By Amy Perry, Fort Lee Public Affairs

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FORT LEE, Va. –Michael K. Williams took charge as Army Logistics University president here Monday when he accepted the symbolic “torch of knowledge” passed along by outgoing president John E. Hall.

The torch of knowledge was created by the U.S. Army Ordnance School for the university’s ceremony. Maj. Gen. Darrell K. Williams, Combined Arms Support Command and Fort Lee commanding general, presided over the change of responsibility in ALU’s multi-purpose room.

Maj. Gen. Williams said the event was historic and important as the scope of the university reaches 21,000-27,000 logisticians each year, which he pointed out was larger than the undergraduate population of the University of Virginia and four times the student population of Virginia State University,

“(ALU) is, indeed, a major academic university responsible for training the Army, many of our sister services, and many of our international students in transportation, supply, maintenance, contracting and a host of other specialties,” MG Williams said. “We are the precursor to TRADOC and to the Army’s university and one of the very few institutions of its kind in the entire world.

“The real ‘secret sauce’ or foundation of what we teach is leadership,” he continued. “ALU produces game-changing leaders for our Army and for our world. Every Soldier – every troop – deployed to Afghanistan and Iraq, all over Europe, all over the Pacific, and other operations globally are all impacted by the leaders and professionals who hone their craft (at ALU).”

Hall was the first Senior Executive Service member to serve as president of ALU – two other presidents were Army officers – and Maj. Gen. Williams said Hall was instrumental in shaping the school.

“For the past five years, John has admirably led the Army Logistics University,” Maj. Gen. Williams said. “He was extremely well-qualified to do so, having served 27 years on active duty as a multi-functional logistician, as a Desert Shield/Desert Storm veteran, as an Operation Iraqi Freedom veteran. He also held strategic assignments at organizations such as the Defense Logistics Agency. We were, indeed, very fortunate to have a person of John’s caliber at the helm during some very complex and critical times to help shape this great university.”

For the past 9-10 months, Hall has served as both the ALU president and in his new position as deputy to the commanding general, CASCOM, and Maj. Gen. Williams said he appreciated his service at the sustainment headquarters.

“There is a silver lining in today’s ceremony in that John remains on our team,” he said. “I know your relinquishment of responsibility comes at the right time, but we have plenty of work to keep you busy as the deputy at CASCOM, so fear not. I know you will continue to serve with great distinction and honor to our great nation.”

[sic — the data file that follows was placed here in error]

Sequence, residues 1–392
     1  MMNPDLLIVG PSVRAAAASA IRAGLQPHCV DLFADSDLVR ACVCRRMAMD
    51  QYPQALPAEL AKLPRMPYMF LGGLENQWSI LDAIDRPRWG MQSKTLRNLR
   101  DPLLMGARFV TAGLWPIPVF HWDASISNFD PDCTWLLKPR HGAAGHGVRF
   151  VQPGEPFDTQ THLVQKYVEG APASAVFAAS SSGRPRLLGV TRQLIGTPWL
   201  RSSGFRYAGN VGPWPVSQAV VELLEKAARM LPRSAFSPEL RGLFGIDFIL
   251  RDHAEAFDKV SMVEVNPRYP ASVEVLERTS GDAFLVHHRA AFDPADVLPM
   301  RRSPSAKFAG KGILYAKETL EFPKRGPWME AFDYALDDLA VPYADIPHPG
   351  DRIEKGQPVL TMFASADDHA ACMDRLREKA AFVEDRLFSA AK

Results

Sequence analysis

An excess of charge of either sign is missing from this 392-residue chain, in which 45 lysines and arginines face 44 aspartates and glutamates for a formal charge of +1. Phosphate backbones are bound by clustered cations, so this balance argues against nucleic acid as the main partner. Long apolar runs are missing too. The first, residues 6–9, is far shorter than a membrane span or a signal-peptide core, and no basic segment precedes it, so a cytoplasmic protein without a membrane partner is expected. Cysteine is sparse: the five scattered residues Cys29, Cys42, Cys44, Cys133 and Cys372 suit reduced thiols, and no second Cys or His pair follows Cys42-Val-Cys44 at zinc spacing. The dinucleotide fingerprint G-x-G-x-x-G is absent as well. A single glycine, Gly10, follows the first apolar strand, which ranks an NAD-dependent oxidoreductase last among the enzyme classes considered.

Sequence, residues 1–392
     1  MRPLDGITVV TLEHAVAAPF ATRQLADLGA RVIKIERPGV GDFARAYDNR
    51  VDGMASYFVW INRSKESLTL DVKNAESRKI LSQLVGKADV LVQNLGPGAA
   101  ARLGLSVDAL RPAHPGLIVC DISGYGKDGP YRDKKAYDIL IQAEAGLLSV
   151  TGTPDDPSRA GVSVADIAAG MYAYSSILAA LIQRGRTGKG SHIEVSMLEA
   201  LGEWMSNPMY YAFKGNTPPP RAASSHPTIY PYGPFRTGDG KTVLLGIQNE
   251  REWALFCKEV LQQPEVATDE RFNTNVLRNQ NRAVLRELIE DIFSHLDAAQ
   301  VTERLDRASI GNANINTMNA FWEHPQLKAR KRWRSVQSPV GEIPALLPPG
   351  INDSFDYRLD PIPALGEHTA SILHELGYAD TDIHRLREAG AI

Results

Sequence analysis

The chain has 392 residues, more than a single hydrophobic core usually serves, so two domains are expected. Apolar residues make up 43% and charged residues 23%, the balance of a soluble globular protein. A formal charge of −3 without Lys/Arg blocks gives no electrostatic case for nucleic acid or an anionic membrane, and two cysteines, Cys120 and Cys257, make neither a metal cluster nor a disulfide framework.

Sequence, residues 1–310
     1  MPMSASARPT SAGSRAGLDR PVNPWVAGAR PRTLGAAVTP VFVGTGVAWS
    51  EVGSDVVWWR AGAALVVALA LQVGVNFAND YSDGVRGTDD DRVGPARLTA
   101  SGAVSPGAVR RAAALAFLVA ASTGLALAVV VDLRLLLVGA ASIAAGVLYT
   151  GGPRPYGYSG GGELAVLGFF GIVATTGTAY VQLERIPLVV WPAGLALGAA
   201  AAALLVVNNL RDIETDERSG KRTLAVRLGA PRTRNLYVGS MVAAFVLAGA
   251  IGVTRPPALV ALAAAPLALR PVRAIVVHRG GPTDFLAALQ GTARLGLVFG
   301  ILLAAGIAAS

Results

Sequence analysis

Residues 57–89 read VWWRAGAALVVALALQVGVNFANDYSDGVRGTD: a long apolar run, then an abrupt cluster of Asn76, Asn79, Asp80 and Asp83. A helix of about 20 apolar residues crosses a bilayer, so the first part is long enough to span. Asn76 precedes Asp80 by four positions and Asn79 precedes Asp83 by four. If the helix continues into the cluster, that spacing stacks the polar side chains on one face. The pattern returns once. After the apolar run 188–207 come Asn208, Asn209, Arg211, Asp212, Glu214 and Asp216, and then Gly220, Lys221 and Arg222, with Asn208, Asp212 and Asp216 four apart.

During his remarks, Hall said leading ALU was the greatest honor of his nearly 40 years of service and thanked his fellow ALU staffers.

“Every day, members of Team ALU bring passion, commitment, dedication and creativity to teaching and educating the Army community,” he said. “Your efforts will be reflected in the great Army leaders you have developed for many years to come.”

Hall said ALU would be in good hands with its new president.

“It greatly pleases me to pass the mantle of ALU to such a capable and distinguished leader as Mr. Williams,” he said. “His achievements in multiple positions of great responsibility bode well for ALU’s future. As I formerly relinquish my responsibilities as president at ALU, I won’t be too far away … and I’m here to support you.”

Maj. Gen. Williams said he is looking forward to Mr. Williams’ tenure as president.

“The other silver lining in this change of responsibility is that we are literally getting two for one,” he said. “We get to keep John, but we bring aboard an equally talented and proven, Mr. Michael Williams.

Mr. Williams, a U.S. Military Academy graduate, was commissioned as a military police lieutenant. He joined the civilian service in 1987 as a GS-5 and became a member of the senior executive service in 2007.

“He has served our military exceedingly well,” said Maj. Gen. Williams. “His credentials are unassailable, and he is undoubtedly the right man at the right time to take this university to even greater heights.

“Mr. Williams has an impressive and extensive logistics and academic background,” he continued, “and he understands the importance of support to the war-fighter. He is a proven leader who brings an extraordinary combination of talent and experience to the position.”

It’s a great opportunity to lead the university, Mr. Williams noted. During his remarks, he said he was reminded of when he first joined the service.

“The drive down here brought me back to 38 years ago – June 1978– when my parents took their 17-year-old son to the Richmond Recruiting Station and signed me over to the Army because I wasn’t old enough to join the Army at that time,” he said. “So, I had an E-5 who escorted me, held my hand, and then put me on a train to Fort Dix, N.J. I got off the train and I met Drill Sergeant Johnson, and I guarantee you the reception he gave me was nothing like I’ll receive here. I can’t repeat some of the things he said to me as a 17 year old. He had to babysit me until we started basic combat training.

“Thirty-eight years later – with great leaders, mentors, people who cared about me, and the love of family members – I find myself with this opportunity to lead our future logisticians,” said Mr. Williams, who then expressed excitement about getting started.

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